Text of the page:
With the lowest rate of employment for people with disabilities in the EU, Ireland does not have a good track record in this area. Now with the added economic stresses of Covid-19, many campaigners are worried that the situation will only get worse.
This happened in the aftermath of the economic crisis when people with disabilities were hit hard with a huge increase in the poverty and unemployment rate, according to the Disability Federation of Ireland. Unlike many sectors of society who experienced a recovery in the intervening years, the risk of poverty among people with disabilities has worsened since 2010.
Latest figures show that 71% of adults of working age with a disability are not in work in Ireland. A European Disability Forum report released in 2020 stated that Ireland is the country with the largest difference in the EU between employment for people with disabilities and those without. There is a “staggering 42.1 percentage point” difference, according to the report.
Although it is recognised that some people cannot work due to the nature of their disability, barriers such as a lack of support by the government and a shift to more precarious contracts have prevented people with disabilities from entering the workforce. Another major issue is the risk of losing vital benefits which are needed to meet extra costs.
So, with such a poor baseline employment level, what does the future hold for people with disabilities?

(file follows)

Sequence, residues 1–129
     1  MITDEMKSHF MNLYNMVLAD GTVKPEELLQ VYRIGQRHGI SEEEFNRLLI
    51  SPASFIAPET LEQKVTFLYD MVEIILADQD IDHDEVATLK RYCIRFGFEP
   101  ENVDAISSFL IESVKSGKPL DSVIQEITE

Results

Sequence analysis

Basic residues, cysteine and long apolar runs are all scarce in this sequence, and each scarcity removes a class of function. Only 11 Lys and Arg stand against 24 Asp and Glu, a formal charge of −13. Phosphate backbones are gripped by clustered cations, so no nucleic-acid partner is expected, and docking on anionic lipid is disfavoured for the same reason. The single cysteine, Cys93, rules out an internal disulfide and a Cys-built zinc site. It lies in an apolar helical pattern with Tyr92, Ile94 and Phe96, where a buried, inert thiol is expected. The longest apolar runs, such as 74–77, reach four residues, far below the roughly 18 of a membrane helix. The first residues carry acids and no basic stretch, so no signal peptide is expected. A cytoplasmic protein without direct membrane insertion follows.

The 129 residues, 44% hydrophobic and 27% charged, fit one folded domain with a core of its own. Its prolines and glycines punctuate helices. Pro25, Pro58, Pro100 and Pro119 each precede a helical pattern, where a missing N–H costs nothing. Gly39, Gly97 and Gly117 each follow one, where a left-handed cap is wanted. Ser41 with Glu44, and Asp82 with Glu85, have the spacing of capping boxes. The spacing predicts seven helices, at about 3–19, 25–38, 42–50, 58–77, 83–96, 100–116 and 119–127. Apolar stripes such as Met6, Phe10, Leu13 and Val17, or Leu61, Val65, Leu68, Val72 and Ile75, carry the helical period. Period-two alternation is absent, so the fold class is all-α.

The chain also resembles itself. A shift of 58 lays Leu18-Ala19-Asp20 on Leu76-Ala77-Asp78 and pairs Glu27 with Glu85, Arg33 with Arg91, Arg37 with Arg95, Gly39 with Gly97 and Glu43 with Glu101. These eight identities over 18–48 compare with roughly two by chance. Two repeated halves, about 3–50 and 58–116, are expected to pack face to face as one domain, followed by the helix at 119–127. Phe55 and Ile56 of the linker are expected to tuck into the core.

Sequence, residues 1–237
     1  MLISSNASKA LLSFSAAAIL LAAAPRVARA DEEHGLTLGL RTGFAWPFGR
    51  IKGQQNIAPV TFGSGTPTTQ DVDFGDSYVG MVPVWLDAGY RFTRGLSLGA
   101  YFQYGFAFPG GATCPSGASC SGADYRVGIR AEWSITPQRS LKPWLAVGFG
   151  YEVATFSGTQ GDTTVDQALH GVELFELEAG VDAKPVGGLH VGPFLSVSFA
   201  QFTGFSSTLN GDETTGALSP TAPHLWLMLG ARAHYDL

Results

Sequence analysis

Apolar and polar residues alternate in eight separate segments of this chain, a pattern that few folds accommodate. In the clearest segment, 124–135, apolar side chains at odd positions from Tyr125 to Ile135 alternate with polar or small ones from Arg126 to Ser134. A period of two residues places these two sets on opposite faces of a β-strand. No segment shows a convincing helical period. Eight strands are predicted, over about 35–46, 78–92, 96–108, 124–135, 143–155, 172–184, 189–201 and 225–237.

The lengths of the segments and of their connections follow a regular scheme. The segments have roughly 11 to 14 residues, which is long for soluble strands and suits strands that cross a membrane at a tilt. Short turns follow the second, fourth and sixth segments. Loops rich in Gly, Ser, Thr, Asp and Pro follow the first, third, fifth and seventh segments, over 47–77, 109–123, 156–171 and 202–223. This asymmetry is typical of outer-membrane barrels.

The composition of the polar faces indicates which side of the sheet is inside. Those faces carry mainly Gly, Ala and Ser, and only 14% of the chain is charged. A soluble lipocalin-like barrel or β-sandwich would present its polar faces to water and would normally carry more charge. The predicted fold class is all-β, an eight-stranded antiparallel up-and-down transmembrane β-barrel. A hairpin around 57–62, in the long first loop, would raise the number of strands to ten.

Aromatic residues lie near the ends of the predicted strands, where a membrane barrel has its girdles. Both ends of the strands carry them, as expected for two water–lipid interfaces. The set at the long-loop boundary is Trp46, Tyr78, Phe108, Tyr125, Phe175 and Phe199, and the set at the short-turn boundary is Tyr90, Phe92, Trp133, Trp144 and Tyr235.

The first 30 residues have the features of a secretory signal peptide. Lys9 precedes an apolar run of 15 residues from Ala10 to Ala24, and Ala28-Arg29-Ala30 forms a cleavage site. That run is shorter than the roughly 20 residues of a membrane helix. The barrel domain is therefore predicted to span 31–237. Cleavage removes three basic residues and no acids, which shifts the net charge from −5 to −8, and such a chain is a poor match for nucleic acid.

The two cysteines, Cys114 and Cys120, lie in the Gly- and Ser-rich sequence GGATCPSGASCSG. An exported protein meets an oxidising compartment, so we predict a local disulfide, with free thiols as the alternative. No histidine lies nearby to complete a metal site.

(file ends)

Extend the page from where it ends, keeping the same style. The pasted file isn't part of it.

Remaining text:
HELP US INVESTIGATE
A review of supports available to people with disabilities transitioning from education or training into employment by three joint Oireachtas committees took place two years ago. We want to investigate what recommendations still need to be implemented and if the coronavirus crisis will have an impact on this.
By looking towards our European neighbours, we want to find out why Ireland is so far behind in terms of employment as well as entrepreneurship for people with disabilities. What supports do they have in place and what can be improved here?
With people with disabilities already so badly hit by the last recession, we want to analyse the potential impact of Covid-19 by talking to people affected, economists, social scientists and disability advocate groups about potential solutions that could prevent further devastation.
Some activists believe that there is also an opportunity as part of the current crisis to improve access for some people with disabilities who would prefer to work from home. We want to talk to people about their advocacy in this area, the barriers they encountered and the future of work.
Finally, we will talk to people in the vulnerable group about how their jobs have been affected by the current coronavirus recommendation to avoid offices and workplaces.
Have you any information that you think would help this investigation? Please contact us by emailing [email protected] if your employment has been affected by Covid-19.
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